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An analog dad in a digital world

By RICARDO PAMINTUAN Published Jun 16, 2024 5:00 am

In a world where technology evolves faster than a ‘90s kid can rewind a VHS tape, I find myself, a Gen X father, navigating the uncharted territory of digital parenting. Once, I rocked long-back shirts and topsiders while air-guitaring to Nirvana, Guns N’ Roses, U2, and RHCP. Now, I’m knee-deep in short cooking tutorials, corgi videos, and TikTok miscellany, trying to decode Gen Z and Alpha lingo.

This isn’t just a story of parenting; it’s about adaptation and resilience, punctuated by dad jokes and social challenges.

Take a recent weekend at the local mall. While ordering chicken inasal, I encountered two young ladies, both pregnant. One smiled widely while taking orders, while the cashier scowled behind the counter.

I wondered about their thoughts—dreaming of baby booties or resenting maternity wear? Did their moods affect their unborn children? This brought back my own parenting memories with the force of a tsunami.

I was a young dad, married in my early 20s, fresh out of law school. My wife and I faced uncertainty, but tackled parenting fiercely, confidently. Our children were crafted in our image, my wife literally doing the heavy lifting during pregnancy while I provided mere moral support.

I was born in the era of rotary phones and black-and-white TVs. My Pappy listened to the Beatles (think of them as the BTS of my era, dear Gen Z) on his reel-to-reel tape recorder or vinyl record player. By the time I became a father, CDs had ousted cassette tapes and vinyl, Betamax and VHS were fighting for survival, and mobile phones plus the internet were in their infancy. It’s wild to think the first iPhone only debuted in 2007, but in 1992, the IBM Simon was cutting-edge: a touch screen, portable device with a calculator and email, costing over $1,000.

In the grand saga of Gen X fathers raising children in the digital age, I may never fully master the art of Snapchat filters or viral dances, but I welcome the journey with a smile and an endless supply of dad jokes.

Parenting has evolved. My kids had a yaya (nanny) who wielded parental authority in loco parentis—fancy Latin for “we trust you with our kids, don’t let us down.” A great yaya imparts values, basic skills, adding humor with regional accents that taught my kids to say magil-you instead of magiliw in the national anthem.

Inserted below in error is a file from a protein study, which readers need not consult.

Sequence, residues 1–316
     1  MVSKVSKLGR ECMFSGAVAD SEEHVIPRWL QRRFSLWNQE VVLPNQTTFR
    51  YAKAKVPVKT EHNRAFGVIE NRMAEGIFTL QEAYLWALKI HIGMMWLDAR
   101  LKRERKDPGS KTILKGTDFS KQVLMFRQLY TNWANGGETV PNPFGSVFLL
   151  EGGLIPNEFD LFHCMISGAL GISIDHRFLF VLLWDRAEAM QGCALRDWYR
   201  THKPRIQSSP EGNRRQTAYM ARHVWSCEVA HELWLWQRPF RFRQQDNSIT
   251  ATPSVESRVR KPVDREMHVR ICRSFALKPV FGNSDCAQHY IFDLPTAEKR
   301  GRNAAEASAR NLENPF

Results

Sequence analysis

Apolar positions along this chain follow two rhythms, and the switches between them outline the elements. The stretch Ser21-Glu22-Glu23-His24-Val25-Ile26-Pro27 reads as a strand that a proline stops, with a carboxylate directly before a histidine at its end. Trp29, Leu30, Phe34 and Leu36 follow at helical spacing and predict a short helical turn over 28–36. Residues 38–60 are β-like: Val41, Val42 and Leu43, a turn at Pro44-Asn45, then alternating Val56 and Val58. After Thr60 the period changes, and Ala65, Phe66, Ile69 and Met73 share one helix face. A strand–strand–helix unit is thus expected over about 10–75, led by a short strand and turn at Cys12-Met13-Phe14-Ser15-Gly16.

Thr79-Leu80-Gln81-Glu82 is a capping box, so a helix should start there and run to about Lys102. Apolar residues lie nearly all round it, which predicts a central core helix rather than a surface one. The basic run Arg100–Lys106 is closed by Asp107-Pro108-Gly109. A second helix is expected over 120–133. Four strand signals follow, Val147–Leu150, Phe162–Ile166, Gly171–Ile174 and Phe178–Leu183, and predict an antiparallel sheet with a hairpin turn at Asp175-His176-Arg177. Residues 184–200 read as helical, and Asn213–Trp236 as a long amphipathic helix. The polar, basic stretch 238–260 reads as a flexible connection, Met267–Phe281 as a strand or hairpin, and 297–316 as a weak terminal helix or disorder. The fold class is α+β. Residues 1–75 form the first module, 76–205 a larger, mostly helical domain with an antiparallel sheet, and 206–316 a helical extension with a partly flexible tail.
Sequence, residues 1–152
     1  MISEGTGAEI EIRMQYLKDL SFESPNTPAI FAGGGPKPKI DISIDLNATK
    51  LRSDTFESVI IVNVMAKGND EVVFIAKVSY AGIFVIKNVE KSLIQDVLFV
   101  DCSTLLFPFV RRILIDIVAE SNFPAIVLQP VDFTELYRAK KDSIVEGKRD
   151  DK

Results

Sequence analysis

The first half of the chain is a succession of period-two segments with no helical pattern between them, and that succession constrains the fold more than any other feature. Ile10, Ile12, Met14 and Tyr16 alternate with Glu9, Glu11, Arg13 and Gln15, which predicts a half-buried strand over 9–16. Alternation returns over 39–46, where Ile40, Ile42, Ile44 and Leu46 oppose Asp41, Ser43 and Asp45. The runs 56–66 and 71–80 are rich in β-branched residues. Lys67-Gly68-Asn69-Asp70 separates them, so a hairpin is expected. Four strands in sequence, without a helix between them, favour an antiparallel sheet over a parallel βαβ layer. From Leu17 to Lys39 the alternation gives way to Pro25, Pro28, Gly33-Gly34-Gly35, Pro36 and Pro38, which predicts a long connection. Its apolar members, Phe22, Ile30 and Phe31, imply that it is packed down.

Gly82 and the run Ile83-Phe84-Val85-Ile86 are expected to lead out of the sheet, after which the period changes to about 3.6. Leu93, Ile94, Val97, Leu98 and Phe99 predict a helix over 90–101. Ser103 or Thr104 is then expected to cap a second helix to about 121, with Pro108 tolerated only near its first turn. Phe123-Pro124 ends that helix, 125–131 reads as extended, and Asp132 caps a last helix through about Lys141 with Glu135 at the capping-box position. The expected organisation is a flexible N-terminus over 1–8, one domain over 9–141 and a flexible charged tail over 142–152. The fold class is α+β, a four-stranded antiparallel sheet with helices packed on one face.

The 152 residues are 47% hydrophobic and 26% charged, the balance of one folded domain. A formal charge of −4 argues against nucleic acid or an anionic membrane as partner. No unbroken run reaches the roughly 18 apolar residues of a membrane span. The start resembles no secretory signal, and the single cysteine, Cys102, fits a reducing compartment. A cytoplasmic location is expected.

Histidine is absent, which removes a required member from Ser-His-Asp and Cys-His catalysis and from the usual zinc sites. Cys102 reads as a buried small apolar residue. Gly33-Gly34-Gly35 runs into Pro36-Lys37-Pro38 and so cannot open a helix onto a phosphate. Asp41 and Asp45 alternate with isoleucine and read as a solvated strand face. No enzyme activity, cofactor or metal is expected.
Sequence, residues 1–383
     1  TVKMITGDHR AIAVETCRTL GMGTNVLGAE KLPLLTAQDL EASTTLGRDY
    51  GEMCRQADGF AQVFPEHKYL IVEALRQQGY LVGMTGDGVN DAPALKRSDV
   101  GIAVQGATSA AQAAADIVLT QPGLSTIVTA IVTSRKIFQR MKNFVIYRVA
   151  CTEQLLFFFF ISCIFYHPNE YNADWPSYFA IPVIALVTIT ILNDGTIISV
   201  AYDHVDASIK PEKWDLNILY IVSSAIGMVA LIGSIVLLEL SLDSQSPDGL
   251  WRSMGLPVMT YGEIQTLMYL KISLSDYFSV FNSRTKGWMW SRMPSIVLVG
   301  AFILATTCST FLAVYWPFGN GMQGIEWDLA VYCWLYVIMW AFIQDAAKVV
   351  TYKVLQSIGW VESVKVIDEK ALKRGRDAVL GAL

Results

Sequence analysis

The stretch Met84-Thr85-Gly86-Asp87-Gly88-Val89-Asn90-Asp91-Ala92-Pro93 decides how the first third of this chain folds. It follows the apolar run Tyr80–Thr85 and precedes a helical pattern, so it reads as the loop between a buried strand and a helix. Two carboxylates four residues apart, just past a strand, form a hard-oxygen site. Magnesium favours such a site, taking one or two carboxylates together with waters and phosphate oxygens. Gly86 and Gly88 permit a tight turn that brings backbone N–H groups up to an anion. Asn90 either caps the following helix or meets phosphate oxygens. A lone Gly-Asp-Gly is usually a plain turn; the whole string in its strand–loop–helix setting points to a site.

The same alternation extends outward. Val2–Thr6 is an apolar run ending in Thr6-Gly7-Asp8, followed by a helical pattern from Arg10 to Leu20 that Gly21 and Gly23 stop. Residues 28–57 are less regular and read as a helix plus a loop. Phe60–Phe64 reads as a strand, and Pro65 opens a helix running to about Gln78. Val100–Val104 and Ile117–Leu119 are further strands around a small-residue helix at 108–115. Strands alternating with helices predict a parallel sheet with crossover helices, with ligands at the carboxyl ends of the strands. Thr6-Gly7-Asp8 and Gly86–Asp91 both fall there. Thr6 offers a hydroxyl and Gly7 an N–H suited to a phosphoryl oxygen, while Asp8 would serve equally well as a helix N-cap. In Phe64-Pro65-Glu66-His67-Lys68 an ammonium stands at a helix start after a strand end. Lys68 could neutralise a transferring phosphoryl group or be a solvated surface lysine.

Handheld devices heralded the era of impersonal babysitting. I’ve seen restless brats turn into angels once handed a phone or tablet. Take it away, and they morph into little junkies in withdrawal. Like addicts, they can’t live without these gadgets, which have become part of their bodies, if not their psyche.

Navigating family bonds in a digital era

Today’s expectant mothers, raised in a tech-saturated world, pass on this digital dependency to their offspring. Ironically, gadgets marketed as social tools often isolate users. Yaya’s human touch is replaced by cold, lifeless screens. As the children grow up, these devices provide entertainment and information, but they’re also gateways to unfiltered content. By the time anxious parents decide to give a morality lecture, their teen has seen more material online than in an R-rated movie marathon. Sex education in school is too little, too late, thus contributing to high teenage pregnancy rates.

Homework has become an online labyrinth. Gen Zs and Alphas attend virtual classes, faces illuminated by laptop screens. Despite longing for the days of library research, I marvel at the wealth of information now available with a click.

Analog heart in a digital world

Despite my best efforts, I sometimes feel overwhelmed by tech advancements. At home, “buffering” is a reason to change ISPs, and at work, the difference between a good and bad day is what’s saved before a power outage.

Navigating social media is another frontier where my analog sensibilities clash with digital realities. Internet slang is as foreign to me as Morse code. Millennials like my kids have seen tech evolve dramatically, from VHS to streaming; rotary phones to smartphones; bulky TVs to smart TVs and tablets.

Teaching moments beyond screens

Unlike Gen Xers averse to tech, I embrace it. A decade ago, I was still collecting CDs while enjoying free music through file-sharing programs. Now, YouTube Music and Spotify declutter my musical life. Streaming services like Netflix, Amazon Prime, Disney+, HBO Go, and YouTube are indispensable. I also use Instagram, X, Threads, WhatsApp, and KakaoTalk.

Amidst digital parenting chaos, my love for my children remains steadfast. I may fumble with technology but my commitment to their well-being is unshakeable. I teach them to balance screen time with non-digital pursuits, appreciate handwritten notes, and find joy in walks without phones.

In the grand saga of Gen X fathers raising children in the digital age, I may never fully master the art of Snapchat filters or viral dances, but I welcome the journey with a smile and an endless supply of dad jokes. And in the end, that’s all that matters.

Next time you catch your child glued to their phone (probably right now, as you read this), ponder what they’re discovering. Or better yet, don’t. You’ll sleep more soundly.